For too long the regulatory state has run amok, and the U.S. Environmental Protection (EPA) has been the chief culprit. In its wake, EPA has trampled on state sovereignty, amassed costly regulations aimed at putting politically disfavored industries out of business, and concocted weighted accounting metrics whereby the answer to any problem, perceived or real, is always the same: more regulation.
It’s no coincidence that Democrats have regularly looked to the EPA to push unpopular policies they’ve failed to pass through congress.
But Thursday the Supreme Court delivered a long-overdue check on the agency’s unbridled authority in West Virginia v. EPA. In particular, Chief Justice John Roberts delivered a clear rebuke stating that “no,” Congress did not give the agency the authority it had claimed that the “view of EPA’s authority was not only unprecedented; it also effected” a “fundamental revision of the statute, changing it from [one sort of] scheme of … regulation” into an entirely different kind.”
In other words, the Supreme Court just affirmed that the rule of law applies to EPA and put the agency back in its appropriate place – as a regulator with limited authority, not as a director of the new world energy order.
Despite what hyperventilating activists may say, this is not the end of the federal government’s ability to curb greenhouse gasses. Rather it makes clear agencies do not have carte blanche authority to rewrite the law unless Congress clearly says to. For EPA in particular, the agency does not have the ability to use its limited authorities to reshape industrial sectors they do not like.
To fully understand the broader implications, a bit of history is warranted. At the heart of West Virginia v. EPA is the on-again, off-again rule referred to as the Clean Power Plan (CPP), whereby the Obama administration transformed a 1970s-era pollution control provision that applied to specific industrial facilities into an expansive weapon used to seize control of the nation’s energy grid. The agency’s legal justification for the rule was so counter to congressional intent and the interpretive norms of the Clean Air Act that even President Obama’s own constitutional law professor —a noted liberal icon — likened the rule to “burning the constitution.”
The Clean Power Plan rule never went into effect. In an unprecedented fashion, the Supreme Court issued a stay on the rule as the lower courts were considering a case on the merits. With the rule stopped in its tracks and the election of President Donald Trump, it was ultimately rescinded and replaced with a rule called the Affordable Clean Energy (ACE) rule. That agency action was challenged and the D.C. Circuit Court ultimately invalidated it sending it back to the EPA days before team Biden walked in.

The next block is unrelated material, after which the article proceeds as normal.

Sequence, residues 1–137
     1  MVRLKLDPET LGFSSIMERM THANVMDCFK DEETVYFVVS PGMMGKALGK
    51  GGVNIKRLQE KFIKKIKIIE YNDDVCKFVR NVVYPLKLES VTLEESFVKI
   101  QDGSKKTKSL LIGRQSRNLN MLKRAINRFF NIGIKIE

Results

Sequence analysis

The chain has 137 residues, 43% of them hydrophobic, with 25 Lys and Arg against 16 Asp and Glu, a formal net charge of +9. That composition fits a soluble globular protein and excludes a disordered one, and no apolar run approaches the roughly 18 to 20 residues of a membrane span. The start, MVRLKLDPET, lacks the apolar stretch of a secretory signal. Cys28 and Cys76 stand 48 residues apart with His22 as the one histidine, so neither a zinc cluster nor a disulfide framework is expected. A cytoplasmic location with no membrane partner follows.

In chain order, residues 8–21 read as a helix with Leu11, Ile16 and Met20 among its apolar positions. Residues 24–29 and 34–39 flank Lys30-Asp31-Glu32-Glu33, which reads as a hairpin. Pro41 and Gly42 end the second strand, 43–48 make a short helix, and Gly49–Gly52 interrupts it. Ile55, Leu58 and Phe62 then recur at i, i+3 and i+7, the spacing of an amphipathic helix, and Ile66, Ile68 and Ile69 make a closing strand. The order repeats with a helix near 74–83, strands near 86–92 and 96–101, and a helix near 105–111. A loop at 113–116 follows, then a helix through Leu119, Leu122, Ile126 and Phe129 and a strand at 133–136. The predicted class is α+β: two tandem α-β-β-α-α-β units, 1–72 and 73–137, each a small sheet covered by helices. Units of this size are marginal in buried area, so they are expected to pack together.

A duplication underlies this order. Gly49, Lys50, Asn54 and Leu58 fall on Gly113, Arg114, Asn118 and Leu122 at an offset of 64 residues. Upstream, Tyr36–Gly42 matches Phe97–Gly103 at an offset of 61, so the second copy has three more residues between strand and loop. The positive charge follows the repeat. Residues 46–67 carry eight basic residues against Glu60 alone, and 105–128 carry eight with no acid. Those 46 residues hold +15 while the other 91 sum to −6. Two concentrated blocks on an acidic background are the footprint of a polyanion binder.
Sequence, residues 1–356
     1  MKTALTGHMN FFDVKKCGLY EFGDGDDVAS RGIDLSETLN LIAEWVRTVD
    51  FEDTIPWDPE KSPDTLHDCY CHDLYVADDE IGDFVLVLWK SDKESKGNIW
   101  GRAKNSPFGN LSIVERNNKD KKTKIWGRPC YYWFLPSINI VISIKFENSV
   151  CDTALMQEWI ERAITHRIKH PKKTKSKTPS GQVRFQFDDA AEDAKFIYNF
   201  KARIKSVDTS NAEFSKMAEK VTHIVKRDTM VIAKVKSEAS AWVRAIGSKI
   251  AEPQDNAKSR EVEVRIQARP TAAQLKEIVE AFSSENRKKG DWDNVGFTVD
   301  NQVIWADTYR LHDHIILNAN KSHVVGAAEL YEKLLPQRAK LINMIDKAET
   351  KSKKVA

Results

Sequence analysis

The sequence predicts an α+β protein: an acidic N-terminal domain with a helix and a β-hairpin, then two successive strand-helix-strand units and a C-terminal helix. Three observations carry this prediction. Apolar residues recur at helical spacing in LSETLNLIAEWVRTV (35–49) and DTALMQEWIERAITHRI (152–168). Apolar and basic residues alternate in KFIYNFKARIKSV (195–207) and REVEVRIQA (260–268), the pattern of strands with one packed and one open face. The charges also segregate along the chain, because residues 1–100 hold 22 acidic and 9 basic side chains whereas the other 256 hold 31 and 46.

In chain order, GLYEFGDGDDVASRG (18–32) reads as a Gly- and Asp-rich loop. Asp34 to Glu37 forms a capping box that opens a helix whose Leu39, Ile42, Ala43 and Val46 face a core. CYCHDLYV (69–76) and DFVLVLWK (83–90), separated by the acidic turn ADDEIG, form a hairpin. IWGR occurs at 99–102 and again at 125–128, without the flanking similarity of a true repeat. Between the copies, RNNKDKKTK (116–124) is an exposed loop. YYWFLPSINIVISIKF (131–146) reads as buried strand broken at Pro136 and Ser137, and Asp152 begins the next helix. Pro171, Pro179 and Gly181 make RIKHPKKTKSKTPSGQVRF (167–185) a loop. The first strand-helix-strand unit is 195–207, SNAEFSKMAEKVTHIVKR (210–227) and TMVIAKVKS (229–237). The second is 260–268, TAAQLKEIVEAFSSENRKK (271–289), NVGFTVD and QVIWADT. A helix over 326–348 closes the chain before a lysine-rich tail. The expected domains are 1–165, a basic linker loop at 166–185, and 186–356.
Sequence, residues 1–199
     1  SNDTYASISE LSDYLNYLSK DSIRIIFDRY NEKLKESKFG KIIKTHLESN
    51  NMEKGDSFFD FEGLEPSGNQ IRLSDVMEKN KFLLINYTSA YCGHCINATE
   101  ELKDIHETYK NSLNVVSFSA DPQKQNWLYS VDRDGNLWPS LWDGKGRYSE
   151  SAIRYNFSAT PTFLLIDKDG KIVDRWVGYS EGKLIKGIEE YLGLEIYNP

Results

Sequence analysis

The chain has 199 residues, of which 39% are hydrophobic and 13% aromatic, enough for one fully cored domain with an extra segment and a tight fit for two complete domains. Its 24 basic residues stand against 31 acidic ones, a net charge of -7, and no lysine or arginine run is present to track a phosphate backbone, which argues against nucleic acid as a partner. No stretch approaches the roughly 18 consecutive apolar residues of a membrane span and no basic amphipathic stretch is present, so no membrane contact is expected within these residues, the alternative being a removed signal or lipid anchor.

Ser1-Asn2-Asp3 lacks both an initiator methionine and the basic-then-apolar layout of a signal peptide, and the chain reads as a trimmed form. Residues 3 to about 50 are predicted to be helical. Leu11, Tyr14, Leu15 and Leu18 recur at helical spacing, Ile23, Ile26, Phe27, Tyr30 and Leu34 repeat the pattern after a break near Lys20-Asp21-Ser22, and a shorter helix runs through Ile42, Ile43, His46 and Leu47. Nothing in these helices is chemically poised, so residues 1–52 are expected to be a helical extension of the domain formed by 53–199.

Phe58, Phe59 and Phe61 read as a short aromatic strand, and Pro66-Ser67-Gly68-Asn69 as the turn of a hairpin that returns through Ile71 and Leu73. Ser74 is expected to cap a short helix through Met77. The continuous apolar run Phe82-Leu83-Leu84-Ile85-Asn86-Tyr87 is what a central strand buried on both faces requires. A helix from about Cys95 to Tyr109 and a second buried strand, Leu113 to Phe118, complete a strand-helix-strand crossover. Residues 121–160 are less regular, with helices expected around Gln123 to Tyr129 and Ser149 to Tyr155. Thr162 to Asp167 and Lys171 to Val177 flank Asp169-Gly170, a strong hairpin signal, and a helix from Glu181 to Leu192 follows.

The Clean Power Plan specifically applied to our nation’s utility sector, but the creators of this rule had much bigger plans. The CPP was a template for action whereby the EPA would slowly but surely reshape a range of U.S. industries to fulfill long standing political commitments.
Congress never granted EPA the authority to reshape entire industries or overtake actions long held by the states. Nonetheless, agency lawyers and their activist allies hoped they could get away with a new and expanded interpretation of their power by virtue of the Chevron doctrine.
Decided in 1984, the Chevron doctrine holds that courts must defer to agency actions, when statutes are ambiguous, so long as those actions are deemed reasonable. The federal government was meant to work alongside states to achieve environmental goals, not coerce them into accepting economically damaging outcomes.
But when agencies attempt to take actions that go far beyond their traditional authorities and have the potential for significant, consequential impacts, there is another more applicable legal doctrine referred to as the “major questions doctrine.” It holds that without a clear statement from congress to suggest otherwise, courts should not defer to agency actions that are of “vast economic or political significance.”
This ensures political decisions are left to top level policy makers that can consider an array of competing interests and who are held accountable by voters.
From day one the Biden administration has instituted a “whole of the government” effort to push extreme policies like the Green New Deal via regulatory fiat. The Supreme Court’s willingness to clarify the agency’s scope of authority could not have come at a better time.
They are attempting to apply the same expansive approach to departments charged with national defense and market stability among others. This decision makes clear that agencies do not have the authority to rewrite our entire economy, even at the behest of well-connected zealots.